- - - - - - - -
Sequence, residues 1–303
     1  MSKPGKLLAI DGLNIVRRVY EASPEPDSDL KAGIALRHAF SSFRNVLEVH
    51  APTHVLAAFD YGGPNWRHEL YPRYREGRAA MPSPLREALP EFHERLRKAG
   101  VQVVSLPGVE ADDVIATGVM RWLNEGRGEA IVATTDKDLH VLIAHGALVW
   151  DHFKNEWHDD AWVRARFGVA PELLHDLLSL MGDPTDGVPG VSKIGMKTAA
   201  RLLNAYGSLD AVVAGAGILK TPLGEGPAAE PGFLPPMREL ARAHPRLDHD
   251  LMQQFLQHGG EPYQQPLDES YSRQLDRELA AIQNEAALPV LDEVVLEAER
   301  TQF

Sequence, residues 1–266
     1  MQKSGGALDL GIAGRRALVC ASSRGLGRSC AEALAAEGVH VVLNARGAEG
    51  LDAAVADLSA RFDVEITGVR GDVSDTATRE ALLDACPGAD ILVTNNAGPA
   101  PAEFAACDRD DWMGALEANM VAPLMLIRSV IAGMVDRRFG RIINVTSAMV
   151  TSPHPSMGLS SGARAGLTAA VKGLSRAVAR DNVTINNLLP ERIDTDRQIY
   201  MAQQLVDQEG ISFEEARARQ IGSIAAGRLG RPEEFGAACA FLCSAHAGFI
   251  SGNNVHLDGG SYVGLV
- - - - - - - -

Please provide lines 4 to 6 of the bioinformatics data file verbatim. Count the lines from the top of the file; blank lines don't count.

   101  VQVVSLPGVE ADDVIATGVM RWLNEGRGEA IVATTDKDLH VLIAHGALVW
   151  DHFKNEWHDD AWVRARFGVA PELLHDLLSL MGDPTDGVPG VSKIGMKTAA
   201  RLLNAYGSLD AVVAGAGILK TPLGEGPAAE PGFLPPMREL ARAHPRLDHD